Imposter Syndrome

As the late great Shakespeare once said “I love the Oxford Imps, they’re amazing” at the time this was dismissed as the mad ravings of a true genius, later historians could not make sense of his nonsensical phrases, but that was no different from usual, Willy loved making up words. But only now can we see what a true visionary he was.

Because 11 years ago in the fires of mount doom (Oxford), Hannah Madsen forged an improv group, and into that group she poured her wit, her charm, and her passion, they were called The Oxford Imps. Since then they have toured France, The USA, Holland and Bosnia and they have become a regular fixture at the Edinburgh Festival. And somehow, through some sort of clerical error, last term I found myself becoming one of them.

I went along to this year’s auditions mainly just for fun, I had auditioned the year before and the selection of games and scenes you do are unbelievably enjoyable, I had no chance of getting in I told myself, I was there just for the craic.  I even had to leave halfway through the final round of auditions to go and flyer an audience coming out of seeing comedian Tim Key at the Old Fire Station, then frantically cycle back to the auditions at Wadham. I spent my last two summers flyering shows at the Edinburgh Festival working for Pleasance, the biggest comedy venue at Edinburgh. It was there that I was first introduced to the Oxford imps, whose reknown in Edinburgh is rather impressive, their big pink imp (I swear that isn’t a euphemism) is a highly recognizable symbol to all flyerers. Imps and their alumni are very dominant at the Fringe taking many shows to Edinburgh, even just at the venue I worked were: Chris Turner, Racing Minds, Joseph Morpurgo, Rachel Parris, Austentatious an Improvised Musical, Ivo Graham, Morgan & West, and Robin & Partridge.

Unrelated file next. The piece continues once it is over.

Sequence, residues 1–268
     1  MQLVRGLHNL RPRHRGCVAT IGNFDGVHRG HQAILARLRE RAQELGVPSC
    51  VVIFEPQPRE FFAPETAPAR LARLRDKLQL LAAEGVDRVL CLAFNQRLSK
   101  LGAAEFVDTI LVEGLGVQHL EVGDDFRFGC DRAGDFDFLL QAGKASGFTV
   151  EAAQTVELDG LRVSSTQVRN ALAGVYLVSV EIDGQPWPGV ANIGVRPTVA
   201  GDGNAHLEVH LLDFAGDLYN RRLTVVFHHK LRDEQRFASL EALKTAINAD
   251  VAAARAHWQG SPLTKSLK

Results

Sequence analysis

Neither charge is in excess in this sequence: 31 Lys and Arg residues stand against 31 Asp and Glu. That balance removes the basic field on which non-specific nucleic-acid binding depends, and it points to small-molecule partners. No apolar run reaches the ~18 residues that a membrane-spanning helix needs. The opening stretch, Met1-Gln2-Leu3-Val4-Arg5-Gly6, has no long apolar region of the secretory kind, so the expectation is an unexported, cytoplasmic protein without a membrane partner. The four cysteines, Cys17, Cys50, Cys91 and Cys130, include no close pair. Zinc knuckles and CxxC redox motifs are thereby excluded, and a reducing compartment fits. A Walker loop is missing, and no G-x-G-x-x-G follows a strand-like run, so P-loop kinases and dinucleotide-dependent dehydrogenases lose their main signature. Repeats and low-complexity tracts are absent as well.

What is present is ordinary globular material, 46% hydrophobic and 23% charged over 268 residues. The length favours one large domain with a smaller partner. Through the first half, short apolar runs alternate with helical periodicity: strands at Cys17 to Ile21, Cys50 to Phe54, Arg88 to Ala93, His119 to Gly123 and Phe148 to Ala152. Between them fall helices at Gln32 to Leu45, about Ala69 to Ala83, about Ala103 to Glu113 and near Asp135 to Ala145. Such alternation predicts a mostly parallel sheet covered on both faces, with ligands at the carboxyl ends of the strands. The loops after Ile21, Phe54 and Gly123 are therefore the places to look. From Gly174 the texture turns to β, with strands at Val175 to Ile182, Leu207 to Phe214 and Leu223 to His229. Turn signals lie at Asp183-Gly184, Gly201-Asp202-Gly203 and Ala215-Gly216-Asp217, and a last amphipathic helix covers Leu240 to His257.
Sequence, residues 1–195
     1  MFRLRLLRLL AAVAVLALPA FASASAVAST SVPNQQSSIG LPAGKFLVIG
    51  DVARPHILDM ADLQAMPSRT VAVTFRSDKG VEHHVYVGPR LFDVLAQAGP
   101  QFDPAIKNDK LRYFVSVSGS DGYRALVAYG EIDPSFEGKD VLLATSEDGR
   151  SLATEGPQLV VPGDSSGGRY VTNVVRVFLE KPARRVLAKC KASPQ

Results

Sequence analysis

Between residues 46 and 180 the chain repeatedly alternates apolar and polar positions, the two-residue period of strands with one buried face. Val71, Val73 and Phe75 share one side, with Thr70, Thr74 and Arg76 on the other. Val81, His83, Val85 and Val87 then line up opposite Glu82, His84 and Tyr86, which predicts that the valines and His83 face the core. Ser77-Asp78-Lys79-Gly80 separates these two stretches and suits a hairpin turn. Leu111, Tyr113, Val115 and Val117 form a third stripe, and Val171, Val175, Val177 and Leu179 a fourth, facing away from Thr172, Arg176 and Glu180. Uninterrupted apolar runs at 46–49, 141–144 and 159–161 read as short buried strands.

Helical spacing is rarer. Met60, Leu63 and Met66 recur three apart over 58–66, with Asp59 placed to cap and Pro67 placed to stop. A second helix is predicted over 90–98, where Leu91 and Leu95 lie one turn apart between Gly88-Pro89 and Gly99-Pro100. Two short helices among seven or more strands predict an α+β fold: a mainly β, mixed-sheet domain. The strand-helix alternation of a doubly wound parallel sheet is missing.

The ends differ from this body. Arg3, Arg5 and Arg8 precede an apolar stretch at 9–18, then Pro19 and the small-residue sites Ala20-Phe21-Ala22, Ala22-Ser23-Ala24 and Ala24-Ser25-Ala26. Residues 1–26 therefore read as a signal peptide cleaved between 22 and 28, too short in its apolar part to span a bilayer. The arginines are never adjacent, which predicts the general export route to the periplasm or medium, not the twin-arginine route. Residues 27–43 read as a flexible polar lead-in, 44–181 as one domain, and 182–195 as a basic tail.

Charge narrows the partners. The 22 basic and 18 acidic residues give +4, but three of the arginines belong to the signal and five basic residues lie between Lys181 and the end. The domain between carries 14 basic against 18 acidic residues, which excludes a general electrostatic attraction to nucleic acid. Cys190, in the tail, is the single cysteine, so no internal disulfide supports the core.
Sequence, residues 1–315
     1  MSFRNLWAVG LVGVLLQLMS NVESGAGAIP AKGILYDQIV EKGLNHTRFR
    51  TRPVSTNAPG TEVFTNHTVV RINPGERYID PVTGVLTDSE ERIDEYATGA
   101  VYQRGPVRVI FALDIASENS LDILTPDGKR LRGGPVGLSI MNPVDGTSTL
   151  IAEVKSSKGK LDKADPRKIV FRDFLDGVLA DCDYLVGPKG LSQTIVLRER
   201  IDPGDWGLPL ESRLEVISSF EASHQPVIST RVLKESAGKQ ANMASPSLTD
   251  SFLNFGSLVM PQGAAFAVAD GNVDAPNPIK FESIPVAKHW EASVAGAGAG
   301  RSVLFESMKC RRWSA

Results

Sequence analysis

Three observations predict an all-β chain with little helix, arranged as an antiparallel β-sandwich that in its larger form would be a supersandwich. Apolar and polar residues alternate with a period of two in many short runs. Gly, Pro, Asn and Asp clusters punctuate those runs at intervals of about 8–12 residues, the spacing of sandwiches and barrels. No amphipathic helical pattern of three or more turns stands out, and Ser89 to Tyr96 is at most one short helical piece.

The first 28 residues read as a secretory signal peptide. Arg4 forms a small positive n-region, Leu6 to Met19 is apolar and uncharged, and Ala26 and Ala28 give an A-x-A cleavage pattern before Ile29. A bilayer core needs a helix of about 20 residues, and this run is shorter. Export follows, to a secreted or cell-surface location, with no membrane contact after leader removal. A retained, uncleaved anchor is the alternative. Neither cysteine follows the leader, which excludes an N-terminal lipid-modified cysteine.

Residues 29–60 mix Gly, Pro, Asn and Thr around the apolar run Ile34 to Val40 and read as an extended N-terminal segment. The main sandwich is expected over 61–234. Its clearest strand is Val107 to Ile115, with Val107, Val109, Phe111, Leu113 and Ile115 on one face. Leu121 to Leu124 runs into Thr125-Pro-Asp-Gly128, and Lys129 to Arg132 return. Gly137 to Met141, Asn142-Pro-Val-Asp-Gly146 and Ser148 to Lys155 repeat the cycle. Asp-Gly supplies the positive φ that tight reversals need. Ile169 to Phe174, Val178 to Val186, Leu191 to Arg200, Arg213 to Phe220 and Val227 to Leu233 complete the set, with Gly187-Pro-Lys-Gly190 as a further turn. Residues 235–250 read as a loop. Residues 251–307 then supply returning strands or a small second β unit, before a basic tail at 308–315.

I can remember seeing the current imps on the streets of Edinburgh, I was walking past the potterow port underpass ( and they were standing in a rap circle like the bad ass mothers they are (as far as I’m aware none of them are actually mothers). I knew who they were and they had no idea who I was, Tanner with his beautifully bleached blonde hair (Achievement unlocked - alliteration) and all of them looking like they were having the time of their life. I never thought for a second that a month later I would be one of them. In fact I was so surprised when I received my acceptance email at 2 o’clock in the morning I burst into hysterical laughter, the fools, they had accepted me!

The first rehearsal was terrifying. Instead of being in a room full of people who have barely improvised like the auditions, you’re in a room filled with experts, filled with people who have performed improv across the globe. Not only are they all amazing at improv and being funny but they’re all really nice, I mean seriously nice, there’s not a single rotten apple in the bunch – is that even possible? Like seriously, statistically how is that even possible? We had to walk into a room with these hilarious and lovely human beings, and then we had to be funny. It was terrifying, and intimidating, and daunting. But it was so fun. I went home that night having kissed an Oxford philosophy professor. I can honestly say that’s the first time I have ever kissed a male philosophy professor. Probably.